If you've ever dreamed of being a volunteer nurse in the U.S. or overseas, you have many options to choose from. These choices range from volunteer opportunities where you pay a fee, to those with no fees involved, to those that even pay you a small stipend.
If you're interested in volunteering for disaster relief here in the U.S., consider the American Red Cross. Nurses have served in this organization since 1888, and more than 15,000 nurses remain involved in their program in various capacities, including volunteering for health fairs, military clinics, hospitals and blood collection drives, as well as local disaster action teams. Sometimes a volunteer nurse will teach courses in CPR and first aid, nurse assistant training or operating an automatic emergency defibrillator. This is a traditional volunteer position in which you neither pay nor earn fees.
An abundance of international volunteer agencies exist to match students and professionals with overseas volunteer experience, charging fees to help arrange housing and transportation costs. United Planet is a site through which nurses can choose volunteer assignments lasting from one week up to 52 weeks. Locations include Ghana, Peru, Costa Rica, Ecuador and Tanzania for this particular agency, but you can find assignments in most countries through the various organizations that offer this service. You pay, but you choose your destination and the duration of your stay.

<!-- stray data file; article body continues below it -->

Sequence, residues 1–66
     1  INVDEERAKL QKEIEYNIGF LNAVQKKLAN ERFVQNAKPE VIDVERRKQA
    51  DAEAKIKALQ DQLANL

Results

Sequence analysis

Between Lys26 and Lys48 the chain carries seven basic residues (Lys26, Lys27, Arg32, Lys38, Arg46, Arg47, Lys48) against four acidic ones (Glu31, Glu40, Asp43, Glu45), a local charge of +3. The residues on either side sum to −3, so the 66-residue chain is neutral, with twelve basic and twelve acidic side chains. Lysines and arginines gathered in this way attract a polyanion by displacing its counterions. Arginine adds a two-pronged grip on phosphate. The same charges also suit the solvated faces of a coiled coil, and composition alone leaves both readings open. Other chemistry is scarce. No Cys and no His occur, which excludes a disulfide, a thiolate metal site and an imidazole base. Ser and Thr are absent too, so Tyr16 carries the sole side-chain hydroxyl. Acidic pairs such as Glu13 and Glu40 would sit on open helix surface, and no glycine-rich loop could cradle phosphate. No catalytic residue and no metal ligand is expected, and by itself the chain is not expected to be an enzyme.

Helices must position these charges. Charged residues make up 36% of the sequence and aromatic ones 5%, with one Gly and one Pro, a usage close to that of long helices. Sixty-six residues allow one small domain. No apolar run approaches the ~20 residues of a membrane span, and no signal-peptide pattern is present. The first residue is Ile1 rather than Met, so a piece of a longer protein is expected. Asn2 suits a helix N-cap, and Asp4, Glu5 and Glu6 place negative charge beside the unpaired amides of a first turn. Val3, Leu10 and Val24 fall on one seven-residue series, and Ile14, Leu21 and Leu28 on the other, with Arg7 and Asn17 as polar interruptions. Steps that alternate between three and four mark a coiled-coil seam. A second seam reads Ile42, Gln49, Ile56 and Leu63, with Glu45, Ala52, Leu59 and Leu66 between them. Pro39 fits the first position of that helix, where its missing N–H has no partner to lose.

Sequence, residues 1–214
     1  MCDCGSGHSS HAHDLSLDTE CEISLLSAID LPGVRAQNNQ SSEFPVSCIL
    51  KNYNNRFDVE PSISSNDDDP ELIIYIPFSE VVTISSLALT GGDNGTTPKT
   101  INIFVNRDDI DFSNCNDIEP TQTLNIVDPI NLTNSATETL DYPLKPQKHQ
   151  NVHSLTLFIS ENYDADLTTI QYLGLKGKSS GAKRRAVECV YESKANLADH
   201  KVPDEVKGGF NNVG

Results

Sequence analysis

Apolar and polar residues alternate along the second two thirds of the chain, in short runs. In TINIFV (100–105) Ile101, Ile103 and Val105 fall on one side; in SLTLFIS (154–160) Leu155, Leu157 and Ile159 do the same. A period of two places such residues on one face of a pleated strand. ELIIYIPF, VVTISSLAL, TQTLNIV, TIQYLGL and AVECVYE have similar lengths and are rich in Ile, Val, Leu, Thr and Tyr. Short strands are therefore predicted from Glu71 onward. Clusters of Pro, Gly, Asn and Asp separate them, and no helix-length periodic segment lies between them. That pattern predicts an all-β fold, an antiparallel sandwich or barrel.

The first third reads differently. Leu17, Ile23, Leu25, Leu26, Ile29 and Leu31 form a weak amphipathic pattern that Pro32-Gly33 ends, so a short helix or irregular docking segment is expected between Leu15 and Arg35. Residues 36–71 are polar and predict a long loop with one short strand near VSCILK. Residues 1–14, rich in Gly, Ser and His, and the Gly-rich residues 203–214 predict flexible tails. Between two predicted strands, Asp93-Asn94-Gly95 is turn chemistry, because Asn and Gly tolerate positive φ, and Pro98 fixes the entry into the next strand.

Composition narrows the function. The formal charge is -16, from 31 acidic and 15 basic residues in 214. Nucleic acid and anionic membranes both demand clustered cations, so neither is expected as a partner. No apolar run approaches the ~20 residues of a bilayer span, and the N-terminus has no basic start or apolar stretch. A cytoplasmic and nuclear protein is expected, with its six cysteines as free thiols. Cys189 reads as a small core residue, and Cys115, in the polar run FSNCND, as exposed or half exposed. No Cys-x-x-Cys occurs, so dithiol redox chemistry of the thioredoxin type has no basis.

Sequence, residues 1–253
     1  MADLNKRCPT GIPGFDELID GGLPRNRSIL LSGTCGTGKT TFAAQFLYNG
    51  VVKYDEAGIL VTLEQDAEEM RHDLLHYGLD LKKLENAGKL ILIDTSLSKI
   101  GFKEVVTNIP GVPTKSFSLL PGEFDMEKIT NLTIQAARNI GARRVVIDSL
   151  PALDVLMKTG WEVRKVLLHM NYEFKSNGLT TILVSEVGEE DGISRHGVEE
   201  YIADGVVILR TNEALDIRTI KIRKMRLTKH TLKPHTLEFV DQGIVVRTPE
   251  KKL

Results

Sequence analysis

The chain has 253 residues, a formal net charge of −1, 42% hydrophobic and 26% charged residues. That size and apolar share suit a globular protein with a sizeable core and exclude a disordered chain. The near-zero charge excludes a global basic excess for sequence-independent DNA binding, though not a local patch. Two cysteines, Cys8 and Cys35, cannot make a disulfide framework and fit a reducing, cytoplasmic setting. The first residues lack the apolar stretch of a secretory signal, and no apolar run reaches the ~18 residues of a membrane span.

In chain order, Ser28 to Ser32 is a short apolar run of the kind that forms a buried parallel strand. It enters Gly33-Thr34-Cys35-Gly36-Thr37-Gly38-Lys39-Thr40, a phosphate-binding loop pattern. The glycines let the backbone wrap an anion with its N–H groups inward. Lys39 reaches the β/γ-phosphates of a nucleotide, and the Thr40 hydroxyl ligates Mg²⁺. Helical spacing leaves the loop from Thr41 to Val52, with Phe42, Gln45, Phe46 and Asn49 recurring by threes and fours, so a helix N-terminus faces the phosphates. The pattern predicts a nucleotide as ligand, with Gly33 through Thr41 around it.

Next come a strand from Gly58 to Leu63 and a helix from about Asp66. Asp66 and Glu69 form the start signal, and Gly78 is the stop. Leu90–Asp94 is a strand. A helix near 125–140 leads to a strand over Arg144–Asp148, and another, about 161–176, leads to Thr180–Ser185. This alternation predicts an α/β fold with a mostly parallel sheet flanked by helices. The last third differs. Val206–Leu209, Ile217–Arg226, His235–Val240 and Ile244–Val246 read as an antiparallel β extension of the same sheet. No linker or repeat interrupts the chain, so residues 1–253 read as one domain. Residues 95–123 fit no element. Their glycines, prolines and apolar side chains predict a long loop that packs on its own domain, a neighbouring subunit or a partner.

If you're willing to make a long-term commitment, consider the Peace Corps. This organization will take care of your transportation, set up your housing and give you a small stipend to live on at a comparable level to the locals. You even get a bonus over $7,000 to help you reassimilate back home at the end of your contract, but you do have to commit to 27 months within the program. You'll give them your preferences on location, but ultimately the decision is up to the organization as to where they feel your skills will best be utilized.
Doctors Without Borders utilizes plenty of nurses without borders, as well as doctors. They pay their nurses a per diem of approximately $1,500 a month at this time on top of their expenses, but you will have absolutely no say in where you're sent to, and you'll often be going to areas of acute crises. That can mean extreme danger as well — not that there aren't various dangers in any assigned location. But the kind of assignments you'll likely get with this organization tend to be very intense and even volatile situations.
Decide how long of a commitment you want to make and what kind of budget you have, and then explore your options for serving those in dire need around the world or in your own backyard as a volunteer nurse.
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